NATO After America
Donald Trump’s dismissive comments about NATO being obsolete, and that it might be fine if the alliance breaks up, have ruffled feathers on both sides of the Atlantic. Gen. Joseph Dunford, chairman of the Joint Chiefs of Staff, was the first U.S. government official to outright rebuke the Republican front-runner by noting that “in my mind, the relevance of NATO is not at all in question.” On Monday, President Obama followed suit by reassuring NATO Secretary-General Jens Stoltenberg that the alliance “continues to be a linchpin, a cornerstone of U.S. security policy.” While European leaders have largely refused to comment on questions relating to the U.S. presidential election, Polish President Andrzej Duda observed that a stable Europe is in the best interest of the United States.
But let us for a moment entertain Trump’s radical idea, and assume in a hypothetical scenario that the United States breaks away from NATO, because the next U.S. president is fed up with protecting and paying for those free-riding Europeans while not getting anything in return.
(According to Article 13 of the Washington Treaty, “any Party may cease to be a Party [of NATO] one year after its notice of denunciation.” For the sake of argument, let us ignore this part as a simple pro forma step.)
The ripple effect of Washington’s unilateral decision to leave NATO will most likely prompt the other twenty-seven member states to reevaluate the alliance’s overall purpose and sustainability.
Canada will probably be the second nation to exit NATO, given Ottawa’s limitations on projecting military power across the Atlantic, and possible fears of becoming entangled in burdensome European conflicts far away from its shores. Turkey, depending on how far its EU membership talks have progressed at this point, might be tempted to remain in the alliance. However, the majority of European nations will most likely want a buffer state vis-à-vis the Middle East, and consequently push Ankara out of any post-NATO alliance arrangement.
Without the United States, Canada and Turkey involved, five factors are most likely to influence Europe’s geopolitical trajectory:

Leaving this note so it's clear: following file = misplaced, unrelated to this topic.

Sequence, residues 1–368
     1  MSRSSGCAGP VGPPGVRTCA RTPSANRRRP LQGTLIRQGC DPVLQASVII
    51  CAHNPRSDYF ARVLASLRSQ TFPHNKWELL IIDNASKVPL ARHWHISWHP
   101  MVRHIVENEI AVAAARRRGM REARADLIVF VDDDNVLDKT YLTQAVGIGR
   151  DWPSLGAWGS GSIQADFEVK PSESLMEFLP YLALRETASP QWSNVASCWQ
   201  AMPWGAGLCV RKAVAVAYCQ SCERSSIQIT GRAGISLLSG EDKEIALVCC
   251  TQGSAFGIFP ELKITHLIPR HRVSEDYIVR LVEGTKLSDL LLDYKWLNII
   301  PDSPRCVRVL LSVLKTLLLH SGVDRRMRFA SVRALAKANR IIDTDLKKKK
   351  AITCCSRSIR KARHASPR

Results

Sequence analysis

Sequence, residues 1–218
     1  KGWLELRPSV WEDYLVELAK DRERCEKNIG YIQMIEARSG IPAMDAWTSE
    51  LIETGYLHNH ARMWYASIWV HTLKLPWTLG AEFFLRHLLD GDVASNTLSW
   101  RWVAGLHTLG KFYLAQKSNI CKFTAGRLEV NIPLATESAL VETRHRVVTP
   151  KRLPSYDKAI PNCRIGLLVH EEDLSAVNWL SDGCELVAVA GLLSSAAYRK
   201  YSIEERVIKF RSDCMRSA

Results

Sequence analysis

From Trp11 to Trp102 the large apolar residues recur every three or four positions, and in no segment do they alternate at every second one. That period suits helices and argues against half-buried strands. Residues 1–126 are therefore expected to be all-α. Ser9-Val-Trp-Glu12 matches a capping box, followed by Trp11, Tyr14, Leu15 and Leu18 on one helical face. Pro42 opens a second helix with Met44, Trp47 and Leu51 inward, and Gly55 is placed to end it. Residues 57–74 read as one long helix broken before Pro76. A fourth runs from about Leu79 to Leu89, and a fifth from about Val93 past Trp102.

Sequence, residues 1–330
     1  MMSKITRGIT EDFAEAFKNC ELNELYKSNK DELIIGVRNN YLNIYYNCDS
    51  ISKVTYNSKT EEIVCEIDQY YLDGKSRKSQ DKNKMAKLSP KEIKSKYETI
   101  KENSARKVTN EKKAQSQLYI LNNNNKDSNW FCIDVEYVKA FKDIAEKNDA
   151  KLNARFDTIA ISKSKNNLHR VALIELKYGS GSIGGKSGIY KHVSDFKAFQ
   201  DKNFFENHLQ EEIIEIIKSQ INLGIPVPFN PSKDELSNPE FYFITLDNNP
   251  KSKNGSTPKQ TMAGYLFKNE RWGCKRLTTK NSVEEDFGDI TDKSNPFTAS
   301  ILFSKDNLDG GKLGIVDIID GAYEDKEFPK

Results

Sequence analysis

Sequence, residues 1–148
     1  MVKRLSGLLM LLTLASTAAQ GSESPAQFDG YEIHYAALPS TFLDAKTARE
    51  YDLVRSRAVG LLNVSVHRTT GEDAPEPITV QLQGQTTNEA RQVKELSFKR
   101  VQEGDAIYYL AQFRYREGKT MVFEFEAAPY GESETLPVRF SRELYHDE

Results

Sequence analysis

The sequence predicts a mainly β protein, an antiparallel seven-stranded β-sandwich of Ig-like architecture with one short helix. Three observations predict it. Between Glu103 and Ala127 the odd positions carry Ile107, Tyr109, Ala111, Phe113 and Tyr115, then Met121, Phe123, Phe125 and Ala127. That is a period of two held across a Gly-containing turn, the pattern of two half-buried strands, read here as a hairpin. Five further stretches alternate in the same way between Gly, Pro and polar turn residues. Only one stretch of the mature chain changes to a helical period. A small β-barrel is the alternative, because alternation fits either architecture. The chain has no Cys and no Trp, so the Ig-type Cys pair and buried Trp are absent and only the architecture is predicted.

(1) The extent of political dismay and the degree of public anger across the continent regarding Washington’s decision to unilaterally leave NATO,
(2) The ability of the EU’s Common Security and Defense Policy (CSDP) to serve as an institutional framework that can mirror NATO’s operationalization process,
(4) The ability of NATO’s European members to find common ground on nuclear weapons policies in the absence of the U.S. nuclear umbrella,
(5) And Russia’s foreign and defense policy changes in reaction to the new geopolitical realities in Europe.
The best-case scenario would see NATO’s remaining European members continue to consolidate a “European” alliance, by striving for greater interoperability and increased defense spending, to compensate for the absence of U.S. armed forces, capabilities and forward-based equipment in Europe. This new alliance framework—let’s call it the European Treaty Organization (ETO)—will probably maintain an ever closer relationship with the European Union until both organizations merge over time. Meanwhile, an isolationist Washington will be condemned to watch from the sidelines while the Europeans set out to coordinate their own defense policies, which might diametrically oppose U.S. national interests abroad. The “Europeanization” of defense will most notably result in the decline of U.S. arms exports to the continent, and the rise of the European defense industry as the main supplier of the ETO forces.
One major challenge the ETO will have to face from the outset is devising a workable nuclear weapons policy. If the ETO is committed to the cause of nuclear nonproliferation, France will have to decide whether it will leave the alliance and revert to Gaullist sentiments, or spur ETO integration in a desire to develop a comprehensive European defense force. Britain, on the other hand, if it has not already left the European Union, will have to make a decision on whether to refrain from modernizing its Trident nuclear program, or leave the ETO in an effort to find shelter in an Anglo-Saxon defense arrangement, which might include the United States, Canada, Australia and New Zealand, synonymous with the Five Eyes intelligence-sharing agreement.